eDiscovery as the CIO

Don Cox, Deputy CIO, Philidor Rx Services
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Don Cox, Deputy CIO, Philidor Rx Services

Just as breaches will happen, litigation holds will happen

I recently read a comment made by a colleague, “The most common anti-forensics tool I see used in engagements is time. The bad guys persists their malware in known locations, and it still goes undetected for so long that logs roll over, deleted files are overwritten, and artifacts oxidize.”

"Minimize the process of searching for, reviewing, and analyzing that data in discovery—using cloud technologies"

I immediately thought of eDiscovery. The organization must be responsive to the request to preserve. Fine and penalties are the end result of failing to preserve or provide. What data do I have and where is it?

Having been a computer forensic investigator, eDiscovery specialist, big data scientist, and a CIO I have a unique perspective that is worth sharing.

Architecture—defined by Webster— is the complex or carefully designed structure of something. Complex is accurate when speaking technology. The ‘or carefully’ aspect is only in the eye of the beholder.

Rarely, have I come across an organization that has its networks diagrams, server configurations documented, applications inventoried, and all end nodes known.

In the normal course of business what happens to data?

It is archived, deleted, or stored in multiple locations because applications are configured to store only what the developer thought a user would need. Possibly a focus group told the developers what and how much to store. Suffice to say there are a large number of possibilities. On my soapbox for a minute, no one ever checks with cyber security or legal to ask how long and what do they need.

No two organizations are the same. Some have data retention policies, some delete data because they need space, some move data offsite or to the cloud. All present different opportunities and a dilemma.

Why have these conversations? Statement above— Fine and penalties are the end result of failing to preserve or provide information ordered by the court.

Data preservation a tricky business by itself, is made all the more complicated by the numerous systems that exist in most corporations:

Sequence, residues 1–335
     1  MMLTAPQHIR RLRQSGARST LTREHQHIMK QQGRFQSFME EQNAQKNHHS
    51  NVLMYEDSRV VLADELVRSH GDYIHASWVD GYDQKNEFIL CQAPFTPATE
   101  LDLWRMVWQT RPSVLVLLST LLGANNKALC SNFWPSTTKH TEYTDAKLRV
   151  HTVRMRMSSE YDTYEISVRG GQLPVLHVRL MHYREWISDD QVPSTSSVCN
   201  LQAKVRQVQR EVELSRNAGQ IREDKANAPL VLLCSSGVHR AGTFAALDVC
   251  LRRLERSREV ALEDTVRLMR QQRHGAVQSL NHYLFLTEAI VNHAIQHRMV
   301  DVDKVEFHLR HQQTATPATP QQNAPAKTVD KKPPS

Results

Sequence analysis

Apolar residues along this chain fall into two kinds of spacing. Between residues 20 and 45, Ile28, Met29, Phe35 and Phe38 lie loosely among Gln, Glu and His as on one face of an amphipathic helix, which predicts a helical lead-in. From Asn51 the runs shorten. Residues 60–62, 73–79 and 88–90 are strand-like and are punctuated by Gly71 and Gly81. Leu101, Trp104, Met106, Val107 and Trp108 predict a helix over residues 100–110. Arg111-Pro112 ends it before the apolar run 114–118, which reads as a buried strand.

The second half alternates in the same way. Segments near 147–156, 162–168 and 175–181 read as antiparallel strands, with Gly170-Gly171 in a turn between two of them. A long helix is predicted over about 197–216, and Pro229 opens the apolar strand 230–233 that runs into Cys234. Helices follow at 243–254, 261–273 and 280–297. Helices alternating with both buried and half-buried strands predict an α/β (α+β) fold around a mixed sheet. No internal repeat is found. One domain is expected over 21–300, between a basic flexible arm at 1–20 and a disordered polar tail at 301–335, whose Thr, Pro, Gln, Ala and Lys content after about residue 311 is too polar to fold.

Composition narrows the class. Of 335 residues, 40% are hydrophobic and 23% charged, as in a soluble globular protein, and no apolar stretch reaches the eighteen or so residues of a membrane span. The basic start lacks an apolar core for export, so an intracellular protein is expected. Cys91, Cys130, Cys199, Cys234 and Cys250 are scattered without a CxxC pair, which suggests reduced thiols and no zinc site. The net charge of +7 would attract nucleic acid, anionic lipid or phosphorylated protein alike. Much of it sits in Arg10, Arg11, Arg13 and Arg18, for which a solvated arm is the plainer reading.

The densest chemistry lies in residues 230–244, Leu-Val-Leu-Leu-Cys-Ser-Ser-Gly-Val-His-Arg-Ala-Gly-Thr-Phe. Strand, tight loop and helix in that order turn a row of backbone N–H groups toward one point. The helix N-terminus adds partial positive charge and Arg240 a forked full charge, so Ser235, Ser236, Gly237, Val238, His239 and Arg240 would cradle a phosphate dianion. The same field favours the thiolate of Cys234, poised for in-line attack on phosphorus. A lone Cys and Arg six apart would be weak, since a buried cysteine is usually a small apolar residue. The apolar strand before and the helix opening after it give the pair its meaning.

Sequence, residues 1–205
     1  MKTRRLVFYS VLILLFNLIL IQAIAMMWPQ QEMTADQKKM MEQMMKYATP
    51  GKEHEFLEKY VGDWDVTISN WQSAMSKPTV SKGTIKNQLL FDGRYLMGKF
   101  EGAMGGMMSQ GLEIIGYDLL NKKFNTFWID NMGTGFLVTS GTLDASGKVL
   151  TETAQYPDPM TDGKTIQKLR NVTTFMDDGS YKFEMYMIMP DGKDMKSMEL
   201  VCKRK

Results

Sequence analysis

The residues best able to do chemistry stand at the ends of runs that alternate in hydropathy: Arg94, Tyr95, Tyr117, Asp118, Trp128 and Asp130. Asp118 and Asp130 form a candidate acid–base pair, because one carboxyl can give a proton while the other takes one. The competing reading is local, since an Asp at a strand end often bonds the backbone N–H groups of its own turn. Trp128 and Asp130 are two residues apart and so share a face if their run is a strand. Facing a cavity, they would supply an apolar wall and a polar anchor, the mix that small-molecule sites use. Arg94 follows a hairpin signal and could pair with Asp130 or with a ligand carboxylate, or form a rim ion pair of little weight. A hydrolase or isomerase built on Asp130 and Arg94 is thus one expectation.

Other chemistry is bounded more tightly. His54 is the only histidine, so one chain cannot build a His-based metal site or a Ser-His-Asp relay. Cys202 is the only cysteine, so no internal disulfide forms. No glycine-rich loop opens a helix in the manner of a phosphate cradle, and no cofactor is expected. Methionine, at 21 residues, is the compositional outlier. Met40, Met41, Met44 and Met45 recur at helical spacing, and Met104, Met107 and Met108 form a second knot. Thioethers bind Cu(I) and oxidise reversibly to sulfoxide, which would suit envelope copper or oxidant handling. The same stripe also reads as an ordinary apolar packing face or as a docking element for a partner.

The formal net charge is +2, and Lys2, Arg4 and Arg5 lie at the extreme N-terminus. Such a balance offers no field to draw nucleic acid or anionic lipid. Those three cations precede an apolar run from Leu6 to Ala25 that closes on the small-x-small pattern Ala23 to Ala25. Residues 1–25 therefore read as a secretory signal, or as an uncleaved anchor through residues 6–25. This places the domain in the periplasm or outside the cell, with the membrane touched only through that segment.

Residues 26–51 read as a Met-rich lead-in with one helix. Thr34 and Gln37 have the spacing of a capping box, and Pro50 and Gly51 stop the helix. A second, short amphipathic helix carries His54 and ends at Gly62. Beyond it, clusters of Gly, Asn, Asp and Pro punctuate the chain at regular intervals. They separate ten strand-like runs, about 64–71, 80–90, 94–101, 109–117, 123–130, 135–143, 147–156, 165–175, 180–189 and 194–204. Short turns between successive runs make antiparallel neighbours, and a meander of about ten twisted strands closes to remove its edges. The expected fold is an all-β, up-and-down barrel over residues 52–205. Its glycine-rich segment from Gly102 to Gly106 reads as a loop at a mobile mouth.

■ Email: Gmail, Outlook, Yahoo Mail, GMX, AOL Mail, Zoho Mail, Lycos Mail, Inbox.com, Hushmail and more

■ Databases: Oracle, Sybase, MySQL, DB2, Informix, SQL Server, NoSQL, Hadoop and more

■ Instant Messaging: Spark, Jabber, Slack, Yahoo, AIM, Google Talk, and more

■ Backup Technologies

■ Network Storage Systems

■ Desktop and Notebook Computers and Operating Systems

■ Web Services

Why is this important? In a word, sanctions

In Small vs. University Medical Center of Southern Nevada, the special master discovery misconduct so egregious as to “shock the conscious” and make “a mockery of the orderly administration of justice.”

In Pradaxa (dabigatran etexilate) Prods. Liab. Litig. , MDL No. 2385, 2013 WL 6486921 (S.D. Ill. Dec. 9, 2013). In this case, the court addressed the adequacy of Defendant’s preservation efforts, including the implementation of their litigation hold(s) and determined that sanctions were warranted for Defendant’s violation of the court’s case management orders in bad faith.

Summarizing, the categories of discovery violations relevant were:

■ The failure to timely identify as a custodian a “high-level scientist that worked on Pradaxa and published articles on Pradaxa as a lead author,” and the resulting failure to preserve much of his relevant information (although the scientist left Defendant’s employ before the time of this opinion, the duty to preserve had been triggered before his departure)

■ The failure to provide the vendor assisting in the collection of relevant materials with the proper passwords, resulting in the delayed identification and production of relevant data

■ The failure to properly preserve text messages, including by failing to specify the need for such preservation in the litigation hold(s) and failing to disengage the auto delete feature of employee cell phones, allowing “countless records to be destroyed.”

What is a CIO to do?

A CIO must create a relationship with their legal counsel. Working with counsel, discuss what data is being created and what must be kept, and for what length of time. Create information retention schedules.

Next, consider the availability of technologies to assist in this process. These will minimize the process of searching for, reviewing, and analyzing that data in discovery—using cloud technologies such as Microsoft Office 365. Today, they offer services such as Compliance Center tools to support eDiscovery, including mailbox and internal site search, legal hold, and predictive coding and text analytics capabilities.

A final step that CIOs work with legal counsel to ensure that the eDiscovery processes is effective. By doing this the CIO creates a workable retention program that is defensible and responsive. Start the today by seeking advice.